I turned on my laptop the other day, and the ever-changing screen showed a photo of waterfalls, big wide ones somewhere in Brazil. I’ve never been to Brazil, but I have been to Venezuela, where there are seven wide falls and a resort below them called Canaima.
I was student-teaching with another Iowa Stater. We had taken a weekend trip, because Kristy had planned it. She led; I followed. We were a good team with my Spanish and her blue-eyed, blond buxom body. Doors opened for us where they might not have for others.
Aside from my debilitating diarrhea that weekend, I had a pretty good time. I wore my black one-piece swim suit; Kristy was letting it all hang out in her bikini. She was a large farm girl but confident of the way she looked.
We decided to walk under the closest waterfall. Back in those days, there was no tour guide, no fee, just us watching everyone else do it.
“Let’s do it!” Kristy said.
An older gentleman and a younger woman befriended us. Tomás and Miledy followed us to the waterfall. The noise was incredible, hundreds of thousands of gallons of water coming off a wide rim, resulting in seven waterfalls.
We walked single file on the flat wet rock, worn smooth by the water.
“Don’t slip, or you will die,” Tomas said behind me in his Venezuelan accent.
I teetered in my bare feet, not confident at all that I wouldn’t slip.
Once we were safely to the other side and now in an open cave-like area, Tomás and Miledy chatted us up. My heart was pounding. I still had to cross the wet rock to get back. It was hard to hear over the roar of water and even harder to think in Spanish, so we single filed it back to safety.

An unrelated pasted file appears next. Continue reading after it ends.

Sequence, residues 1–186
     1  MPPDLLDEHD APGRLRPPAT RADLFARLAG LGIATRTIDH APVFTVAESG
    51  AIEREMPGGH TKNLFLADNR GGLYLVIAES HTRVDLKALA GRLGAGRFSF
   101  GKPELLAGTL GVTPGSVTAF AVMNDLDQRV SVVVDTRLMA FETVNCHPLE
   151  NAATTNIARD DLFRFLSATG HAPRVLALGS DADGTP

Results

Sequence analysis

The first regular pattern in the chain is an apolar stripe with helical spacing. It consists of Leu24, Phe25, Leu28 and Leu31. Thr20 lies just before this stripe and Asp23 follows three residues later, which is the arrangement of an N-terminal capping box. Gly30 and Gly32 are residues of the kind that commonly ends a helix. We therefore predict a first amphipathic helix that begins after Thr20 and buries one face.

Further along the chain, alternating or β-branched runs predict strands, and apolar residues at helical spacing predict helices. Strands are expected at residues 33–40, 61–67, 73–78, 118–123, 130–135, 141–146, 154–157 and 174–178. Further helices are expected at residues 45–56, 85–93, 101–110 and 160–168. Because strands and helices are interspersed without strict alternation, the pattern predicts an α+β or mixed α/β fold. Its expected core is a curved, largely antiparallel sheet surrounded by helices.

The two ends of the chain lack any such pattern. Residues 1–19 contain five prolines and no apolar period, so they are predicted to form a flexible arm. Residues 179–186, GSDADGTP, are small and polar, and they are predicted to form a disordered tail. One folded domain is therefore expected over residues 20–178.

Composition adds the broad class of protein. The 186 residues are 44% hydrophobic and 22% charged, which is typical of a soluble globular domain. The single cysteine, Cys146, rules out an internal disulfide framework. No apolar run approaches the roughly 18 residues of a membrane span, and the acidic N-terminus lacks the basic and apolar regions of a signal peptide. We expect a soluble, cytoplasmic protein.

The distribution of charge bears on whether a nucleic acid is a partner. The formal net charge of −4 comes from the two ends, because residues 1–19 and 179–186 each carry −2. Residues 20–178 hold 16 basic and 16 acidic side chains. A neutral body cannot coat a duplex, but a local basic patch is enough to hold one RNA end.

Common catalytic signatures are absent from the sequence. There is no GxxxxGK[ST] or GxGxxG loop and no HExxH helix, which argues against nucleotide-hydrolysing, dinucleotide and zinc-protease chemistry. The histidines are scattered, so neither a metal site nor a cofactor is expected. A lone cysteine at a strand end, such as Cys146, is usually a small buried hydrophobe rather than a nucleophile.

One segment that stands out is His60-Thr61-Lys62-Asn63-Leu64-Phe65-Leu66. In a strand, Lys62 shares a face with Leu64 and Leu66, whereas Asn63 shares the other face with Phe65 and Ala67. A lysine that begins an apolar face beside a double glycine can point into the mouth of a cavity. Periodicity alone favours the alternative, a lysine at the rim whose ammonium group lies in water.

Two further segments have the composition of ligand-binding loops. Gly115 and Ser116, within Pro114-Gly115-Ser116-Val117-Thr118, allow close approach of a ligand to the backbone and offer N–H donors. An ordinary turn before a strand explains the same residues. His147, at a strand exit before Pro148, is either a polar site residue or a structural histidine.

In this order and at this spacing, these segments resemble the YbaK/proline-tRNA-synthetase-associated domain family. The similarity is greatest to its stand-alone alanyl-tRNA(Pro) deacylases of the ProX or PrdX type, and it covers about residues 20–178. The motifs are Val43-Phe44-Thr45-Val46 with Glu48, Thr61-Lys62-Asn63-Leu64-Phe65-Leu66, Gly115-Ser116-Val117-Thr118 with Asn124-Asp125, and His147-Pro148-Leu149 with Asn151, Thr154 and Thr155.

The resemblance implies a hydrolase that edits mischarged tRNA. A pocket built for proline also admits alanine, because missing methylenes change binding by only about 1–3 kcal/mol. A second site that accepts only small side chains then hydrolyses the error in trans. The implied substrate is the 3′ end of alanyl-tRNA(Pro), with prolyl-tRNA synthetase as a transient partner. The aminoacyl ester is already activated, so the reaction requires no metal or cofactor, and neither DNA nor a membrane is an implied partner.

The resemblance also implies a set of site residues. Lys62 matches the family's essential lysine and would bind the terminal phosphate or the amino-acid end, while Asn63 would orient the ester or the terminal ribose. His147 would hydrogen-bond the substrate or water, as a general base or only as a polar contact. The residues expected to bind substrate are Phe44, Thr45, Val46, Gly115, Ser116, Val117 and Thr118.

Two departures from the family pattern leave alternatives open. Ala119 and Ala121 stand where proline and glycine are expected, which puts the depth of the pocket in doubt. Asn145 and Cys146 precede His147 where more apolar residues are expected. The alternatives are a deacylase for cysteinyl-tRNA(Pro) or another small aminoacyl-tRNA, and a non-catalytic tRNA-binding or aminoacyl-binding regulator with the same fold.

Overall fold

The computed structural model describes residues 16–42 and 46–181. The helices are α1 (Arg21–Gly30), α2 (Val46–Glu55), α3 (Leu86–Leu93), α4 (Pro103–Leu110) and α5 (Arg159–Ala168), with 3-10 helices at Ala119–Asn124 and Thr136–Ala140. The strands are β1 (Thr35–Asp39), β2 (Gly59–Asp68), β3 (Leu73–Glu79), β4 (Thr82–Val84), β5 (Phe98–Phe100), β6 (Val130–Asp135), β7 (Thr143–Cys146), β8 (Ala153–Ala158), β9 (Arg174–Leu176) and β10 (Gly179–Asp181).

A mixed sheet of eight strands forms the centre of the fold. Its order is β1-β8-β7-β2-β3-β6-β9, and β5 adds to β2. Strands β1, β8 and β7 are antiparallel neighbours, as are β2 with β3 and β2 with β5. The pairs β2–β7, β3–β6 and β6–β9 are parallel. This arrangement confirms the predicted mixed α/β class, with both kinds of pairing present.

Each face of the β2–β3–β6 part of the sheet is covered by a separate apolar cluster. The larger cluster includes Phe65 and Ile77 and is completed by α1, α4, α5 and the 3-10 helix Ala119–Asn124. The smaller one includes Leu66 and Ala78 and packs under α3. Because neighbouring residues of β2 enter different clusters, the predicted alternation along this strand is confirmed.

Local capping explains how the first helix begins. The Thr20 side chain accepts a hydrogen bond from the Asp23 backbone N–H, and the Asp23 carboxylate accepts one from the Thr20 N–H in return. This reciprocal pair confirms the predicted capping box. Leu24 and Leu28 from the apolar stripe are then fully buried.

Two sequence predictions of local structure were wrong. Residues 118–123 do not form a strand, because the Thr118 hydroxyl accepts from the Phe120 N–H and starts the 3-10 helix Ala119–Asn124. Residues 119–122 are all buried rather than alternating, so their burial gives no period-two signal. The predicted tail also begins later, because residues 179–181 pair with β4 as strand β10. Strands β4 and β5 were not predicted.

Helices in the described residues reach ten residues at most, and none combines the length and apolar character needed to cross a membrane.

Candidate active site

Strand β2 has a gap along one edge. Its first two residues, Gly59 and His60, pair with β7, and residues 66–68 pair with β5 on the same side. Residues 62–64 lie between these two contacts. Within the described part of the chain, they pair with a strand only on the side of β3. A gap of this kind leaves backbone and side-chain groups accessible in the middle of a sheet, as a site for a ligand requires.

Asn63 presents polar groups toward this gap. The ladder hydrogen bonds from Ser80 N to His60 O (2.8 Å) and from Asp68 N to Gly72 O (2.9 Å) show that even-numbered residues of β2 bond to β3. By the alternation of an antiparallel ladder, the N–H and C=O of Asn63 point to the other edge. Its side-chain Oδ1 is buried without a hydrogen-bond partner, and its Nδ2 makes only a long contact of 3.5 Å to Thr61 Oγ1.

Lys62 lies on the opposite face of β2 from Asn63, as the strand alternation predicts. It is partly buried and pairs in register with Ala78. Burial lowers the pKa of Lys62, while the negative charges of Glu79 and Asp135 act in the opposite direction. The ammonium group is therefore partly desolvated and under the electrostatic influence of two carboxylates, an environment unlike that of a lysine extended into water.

Tomás and Miledy kept me company that afternoon while Kristy went up in a helicopter to try to see Angel Falls, the highest waterfall in the world.
Fast forward fifteen years. I am at my first chiropractic appointment, face down on the adjustment table, and the chiropractor says to me, “You have flat feet.”
I am 37 years old and and the mother of two children, wondering why my back hurts all the time.
Now I know. I’ve been stuffing my flat feet into uncomfortable shoes for nearly four decades.
My dad had flat feet, which kept him out of the Korean War (polio helped, too).
My right knee buckled under me when I hiked because my right foot rolled outward. I couldn’t do yoga well and kept tipping over. I was bad at PE, skiing, and softball.
At last it all made sense.
I’d walked under a dangerous waterfall in Venezuela with bad balance. I’d climbed Huanupicchu at Machu Picchu with bad balance. I’d spent 37 years on this planet, never feeling as stable and steady as everyone else appeared to be.
There was a correctable reason.
The chiropractor made me a pair of orthotics. I could hike, I could dance, I could descend a ladder without feeling like I was going to fall.
How did no pediatrician catch my flat footedness? How did no one intervene in my childhood and get me some decent shoes? I remember my mom rubbing my legs with alcohol because they ached so much.
How did I stand for two years in high school as a grocery store checker?
How did I do anything?
I adapted, as we all do. But those orthotics – man!
They changed my life.